Core Stability for Runners
The core is a pretty general term that is thrown around a lot these days. There is definitely more to the core than just trying to get beach body abs. The musculature of the core includes: the abdominals, obliques, erectors, glutes, hip flexors, lats, adductors, and more. One of the things that always frustrate me as a personal trainer, is when clients beg for more crunches because they want to lose belly fat. It’s not your fault, we are constantly bombarded with a new infomercial on the latest ab gadget. The truth is, you cannot spot reduce the fat around your midsection. That comes from eating healthy and exercising properly.
There’s a better way to train the core. For improved performance and overall function, train the core to be more stable. Think of your core like a highway. All forces are generated there first, and travels the highway to our limbs. When we see a runner struggling, the posture is usually the same, hunched over from the midsection, just trying to hold on. We want our core to be stable to outside forces, and also forces that we produce. Any breaks in the highway, will lead to energy leaks and lack of performance. A strong stable core will lead to better force production, and longer strides. Another big misconception is that longer strides don’t come from better flexibility. If that’s the case, we would be reaching with every stride, and planted our feet ahead of hips. This will cause us to brake with ever stride, causing injuries and slower times. With a stable core and having the foot strike under the hips will lead to longer more effective stride.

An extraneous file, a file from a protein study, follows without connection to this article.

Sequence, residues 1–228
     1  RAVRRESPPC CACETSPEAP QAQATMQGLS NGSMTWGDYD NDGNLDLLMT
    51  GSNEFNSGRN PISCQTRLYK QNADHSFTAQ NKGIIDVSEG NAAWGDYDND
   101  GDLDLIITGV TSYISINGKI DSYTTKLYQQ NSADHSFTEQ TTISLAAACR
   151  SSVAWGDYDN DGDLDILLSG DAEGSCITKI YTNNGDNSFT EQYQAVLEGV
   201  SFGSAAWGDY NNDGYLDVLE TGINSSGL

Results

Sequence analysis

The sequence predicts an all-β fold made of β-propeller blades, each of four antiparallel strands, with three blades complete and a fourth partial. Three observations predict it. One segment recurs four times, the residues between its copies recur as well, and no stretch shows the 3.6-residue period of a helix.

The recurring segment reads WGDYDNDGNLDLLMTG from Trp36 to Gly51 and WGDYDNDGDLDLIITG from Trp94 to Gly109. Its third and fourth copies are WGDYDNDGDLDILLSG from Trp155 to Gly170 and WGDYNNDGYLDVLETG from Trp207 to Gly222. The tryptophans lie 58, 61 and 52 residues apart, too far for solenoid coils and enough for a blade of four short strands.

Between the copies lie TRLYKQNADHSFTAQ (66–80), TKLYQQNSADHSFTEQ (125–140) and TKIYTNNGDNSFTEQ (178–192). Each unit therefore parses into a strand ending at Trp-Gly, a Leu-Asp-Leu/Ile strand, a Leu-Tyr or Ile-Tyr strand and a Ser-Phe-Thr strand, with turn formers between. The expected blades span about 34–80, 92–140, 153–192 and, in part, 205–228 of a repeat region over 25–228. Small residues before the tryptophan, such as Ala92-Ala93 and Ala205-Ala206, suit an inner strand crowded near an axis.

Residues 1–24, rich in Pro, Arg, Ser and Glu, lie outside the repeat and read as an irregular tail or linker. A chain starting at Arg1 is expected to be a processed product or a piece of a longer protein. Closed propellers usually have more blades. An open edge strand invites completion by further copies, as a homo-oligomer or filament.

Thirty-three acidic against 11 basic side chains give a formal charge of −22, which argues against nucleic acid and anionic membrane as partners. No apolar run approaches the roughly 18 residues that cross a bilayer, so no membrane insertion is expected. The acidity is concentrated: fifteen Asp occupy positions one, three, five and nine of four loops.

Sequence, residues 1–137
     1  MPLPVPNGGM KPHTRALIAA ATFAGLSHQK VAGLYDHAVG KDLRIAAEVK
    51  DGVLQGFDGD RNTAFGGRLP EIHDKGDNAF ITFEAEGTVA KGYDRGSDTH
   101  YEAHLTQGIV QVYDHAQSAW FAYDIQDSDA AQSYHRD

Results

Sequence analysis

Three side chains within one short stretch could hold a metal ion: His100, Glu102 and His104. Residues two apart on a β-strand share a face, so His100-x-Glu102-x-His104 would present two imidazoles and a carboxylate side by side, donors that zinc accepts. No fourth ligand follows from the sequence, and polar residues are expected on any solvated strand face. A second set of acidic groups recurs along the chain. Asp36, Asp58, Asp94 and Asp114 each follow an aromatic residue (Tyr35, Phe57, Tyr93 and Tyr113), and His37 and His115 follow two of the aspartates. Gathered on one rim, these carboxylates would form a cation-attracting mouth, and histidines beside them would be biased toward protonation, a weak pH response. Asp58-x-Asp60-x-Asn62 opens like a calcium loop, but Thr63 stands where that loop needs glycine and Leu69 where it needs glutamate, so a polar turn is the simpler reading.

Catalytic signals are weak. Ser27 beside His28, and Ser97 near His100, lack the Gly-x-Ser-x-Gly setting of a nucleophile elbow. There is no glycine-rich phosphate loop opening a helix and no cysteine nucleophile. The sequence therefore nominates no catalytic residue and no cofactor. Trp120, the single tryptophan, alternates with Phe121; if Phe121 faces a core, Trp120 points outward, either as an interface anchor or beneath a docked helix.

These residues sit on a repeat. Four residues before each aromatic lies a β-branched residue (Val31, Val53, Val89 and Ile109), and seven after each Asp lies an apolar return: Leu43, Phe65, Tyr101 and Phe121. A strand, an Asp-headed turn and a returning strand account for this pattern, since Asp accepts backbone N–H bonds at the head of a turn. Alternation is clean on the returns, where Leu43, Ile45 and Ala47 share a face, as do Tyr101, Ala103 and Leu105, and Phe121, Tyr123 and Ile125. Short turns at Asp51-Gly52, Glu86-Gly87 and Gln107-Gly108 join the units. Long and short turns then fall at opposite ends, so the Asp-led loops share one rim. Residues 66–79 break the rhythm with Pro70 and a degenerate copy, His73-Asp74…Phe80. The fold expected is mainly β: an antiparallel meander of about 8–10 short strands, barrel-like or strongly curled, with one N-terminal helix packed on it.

Everybody has done this exercise a million times. It’s the plank. Most people, get into position and hold on for as long as they can. This isn’t a good strategy. Eventually we get so tired, that our form goes down the tubes, but we still try to hang on for a few more minutes. Avoid this strategy. When we train our body in a dysfunctional state, we will make that dysfunction stronger. Here’s the proper way to perform this exercise:
1. Support your bodyweight between your feet and your forearms
2. Allow the head to stay neutral
3. Squeeze the shoulder blades together.
4. Squeeze your glutes, quads, and suck your bellybutton to your spine.
5. Lastly, even though you won’t physically move, drive your elbows towards your toes, and your toes to your elbows. This will activate your core like you’ve never felt before.
6. Keep this form for the time you want to perform. Once you’re able to get a minute fairly easy, I like to make the exercise a little harder as opposed to adding more time. You can raise a foot or arm slightly off the ground. Place your arms on a stability ball. Variations are endless.
Give this a try and let me know what you think.
Wayne Earney MS, CSCS, PES, CES
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